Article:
7. Take comfort in knowing that you aren’t alone in the battle you’re facing. I could easily have placed this as the first and most important item in the journey towards overcoming one’s fear and anxiety. Without a doubt, this above all the practical strategies I’ve shared has been most impactful in my being able to reach the other side of all of my life’s challenges. My relationship with the LORD is one where I know He is always walking with me, seeing me through, and even picking me up in the times where I didn’t think I could go any further on my own.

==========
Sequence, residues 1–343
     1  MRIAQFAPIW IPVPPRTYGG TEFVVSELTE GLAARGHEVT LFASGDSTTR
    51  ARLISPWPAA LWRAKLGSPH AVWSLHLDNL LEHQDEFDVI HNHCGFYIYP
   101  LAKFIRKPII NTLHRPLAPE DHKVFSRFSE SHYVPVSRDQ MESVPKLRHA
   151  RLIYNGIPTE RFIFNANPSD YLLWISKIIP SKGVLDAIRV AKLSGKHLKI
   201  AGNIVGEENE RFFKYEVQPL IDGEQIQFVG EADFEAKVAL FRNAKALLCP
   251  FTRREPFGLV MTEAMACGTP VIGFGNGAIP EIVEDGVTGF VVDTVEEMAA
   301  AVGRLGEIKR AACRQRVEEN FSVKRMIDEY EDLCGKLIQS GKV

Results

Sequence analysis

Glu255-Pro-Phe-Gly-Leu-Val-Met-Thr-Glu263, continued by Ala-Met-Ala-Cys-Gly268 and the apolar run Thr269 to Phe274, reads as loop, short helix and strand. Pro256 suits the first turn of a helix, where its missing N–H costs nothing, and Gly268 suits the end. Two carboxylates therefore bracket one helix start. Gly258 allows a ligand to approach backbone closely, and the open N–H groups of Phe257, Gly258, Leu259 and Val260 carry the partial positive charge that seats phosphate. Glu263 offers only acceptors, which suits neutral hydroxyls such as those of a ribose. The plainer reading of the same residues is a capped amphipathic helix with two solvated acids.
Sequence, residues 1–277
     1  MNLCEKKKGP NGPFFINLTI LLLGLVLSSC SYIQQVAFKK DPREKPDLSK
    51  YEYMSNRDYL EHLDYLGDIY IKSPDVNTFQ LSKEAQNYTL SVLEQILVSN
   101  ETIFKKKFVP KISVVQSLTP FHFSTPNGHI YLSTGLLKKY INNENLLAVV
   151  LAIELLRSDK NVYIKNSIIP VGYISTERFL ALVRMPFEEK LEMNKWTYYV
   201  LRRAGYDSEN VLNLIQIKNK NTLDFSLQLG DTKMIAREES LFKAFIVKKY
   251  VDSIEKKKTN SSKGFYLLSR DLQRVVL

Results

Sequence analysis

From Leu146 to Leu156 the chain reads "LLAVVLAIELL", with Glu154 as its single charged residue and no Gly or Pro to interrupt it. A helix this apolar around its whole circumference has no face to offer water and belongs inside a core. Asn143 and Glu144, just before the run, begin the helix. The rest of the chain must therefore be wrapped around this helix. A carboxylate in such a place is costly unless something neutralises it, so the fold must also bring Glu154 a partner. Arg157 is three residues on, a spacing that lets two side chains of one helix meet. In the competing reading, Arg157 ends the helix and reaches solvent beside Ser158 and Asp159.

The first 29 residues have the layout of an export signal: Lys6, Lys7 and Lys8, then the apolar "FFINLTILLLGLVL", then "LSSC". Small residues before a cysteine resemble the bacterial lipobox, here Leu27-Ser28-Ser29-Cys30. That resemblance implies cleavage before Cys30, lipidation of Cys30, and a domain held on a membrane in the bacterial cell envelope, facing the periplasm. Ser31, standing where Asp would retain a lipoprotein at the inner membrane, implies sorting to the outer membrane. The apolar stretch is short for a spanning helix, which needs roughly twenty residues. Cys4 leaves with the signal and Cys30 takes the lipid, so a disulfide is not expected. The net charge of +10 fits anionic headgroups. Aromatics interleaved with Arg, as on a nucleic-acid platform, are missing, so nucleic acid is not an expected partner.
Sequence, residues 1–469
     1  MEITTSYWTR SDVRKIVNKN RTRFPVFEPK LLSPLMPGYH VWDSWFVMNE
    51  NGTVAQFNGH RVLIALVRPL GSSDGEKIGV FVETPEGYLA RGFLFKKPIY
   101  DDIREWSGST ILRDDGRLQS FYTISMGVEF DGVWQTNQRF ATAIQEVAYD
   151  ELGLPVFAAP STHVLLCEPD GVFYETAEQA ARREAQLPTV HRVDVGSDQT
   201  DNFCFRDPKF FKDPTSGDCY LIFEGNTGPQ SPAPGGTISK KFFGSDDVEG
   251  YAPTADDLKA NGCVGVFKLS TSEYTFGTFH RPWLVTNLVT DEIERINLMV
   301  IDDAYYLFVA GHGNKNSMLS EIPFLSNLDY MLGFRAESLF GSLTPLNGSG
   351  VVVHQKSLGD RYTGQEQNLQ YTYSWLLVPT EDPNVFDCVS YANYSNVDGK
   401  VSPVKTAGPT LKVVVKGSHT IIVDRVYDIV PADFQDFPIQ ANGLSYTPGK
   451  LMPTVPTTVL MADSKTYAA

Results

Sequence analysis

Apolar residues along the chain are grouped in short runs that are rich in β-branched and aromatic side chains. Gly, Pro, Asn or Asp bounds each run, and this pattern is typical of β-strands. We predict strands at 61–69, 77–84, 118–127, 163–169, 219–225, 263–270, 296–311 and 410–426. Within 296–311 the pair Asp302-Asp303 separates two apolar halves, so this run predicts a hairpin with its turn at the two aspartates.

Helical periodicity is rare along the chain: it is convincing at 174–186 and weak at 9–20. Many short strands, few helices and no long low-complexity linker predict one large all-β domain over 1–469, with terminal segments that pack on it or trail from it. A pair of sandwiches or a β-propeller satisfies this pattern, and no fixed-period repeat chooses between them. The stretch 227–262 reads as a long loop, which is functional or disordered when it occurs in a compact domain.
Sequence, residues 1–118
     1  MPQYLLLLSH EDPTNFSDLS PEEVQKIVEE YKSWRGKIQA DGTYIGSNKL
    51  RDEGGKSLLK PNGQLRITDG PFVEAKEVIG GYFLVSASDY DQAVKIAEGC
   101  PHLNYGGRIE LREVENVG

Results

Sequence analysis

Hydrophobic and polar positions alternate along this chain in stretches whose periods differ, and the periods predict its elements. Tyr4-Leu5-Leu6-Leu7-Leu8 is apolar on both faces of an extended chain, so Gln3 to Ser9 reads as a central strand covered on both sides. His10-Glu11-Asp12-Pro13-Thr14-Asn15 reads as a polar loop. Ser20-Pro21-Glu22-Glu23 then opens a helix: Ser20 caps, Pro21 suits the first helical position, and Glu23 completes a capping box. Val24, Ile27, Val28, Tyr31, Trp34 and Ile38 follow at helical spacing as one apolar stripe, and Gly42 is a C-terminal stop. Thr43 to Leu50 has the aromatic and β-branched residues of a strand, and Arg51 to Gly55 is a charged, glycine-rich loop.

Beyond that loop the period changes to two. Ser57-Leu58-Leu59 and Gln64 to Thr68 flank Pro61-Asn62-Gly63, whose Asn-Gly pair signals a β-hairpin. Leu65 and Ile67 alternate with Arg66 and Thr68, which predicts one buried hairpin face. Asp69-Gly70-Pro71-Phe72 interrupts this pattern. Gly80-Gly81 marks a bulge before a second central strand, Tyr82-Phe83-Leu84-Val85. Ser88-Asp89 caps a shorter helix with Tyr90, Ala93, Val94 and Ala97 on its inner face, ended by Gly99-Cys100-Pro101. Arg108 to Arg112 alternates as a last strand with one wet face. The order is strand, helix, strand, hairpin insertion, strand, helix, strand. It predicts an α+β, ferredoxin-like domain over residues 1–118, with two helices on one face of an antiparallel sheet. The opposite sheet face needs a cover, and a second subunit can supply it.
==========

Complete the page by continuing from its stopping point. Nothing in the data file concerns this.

I’ve always been a believer, I just used to think it was more about what I had to do in my own power. Now I realize God is as close as I am willing to let Him be in my life. When I’m feeling distant it’s likely because I am distant. I can change that in an instant — with a simple prayer, or reading his Word. I fully accept that you might completely disagree with this point — to which I am perfectly fine with — you’re a grown up, you can believe — or not believe as the case may be 🙂 whatever you like. That said, I wouldn’t be giving you my best authentic self if I didn’t share with you what I know to be the number one difference maker in my having been able to overcome anxiety and keep it at bay over the years.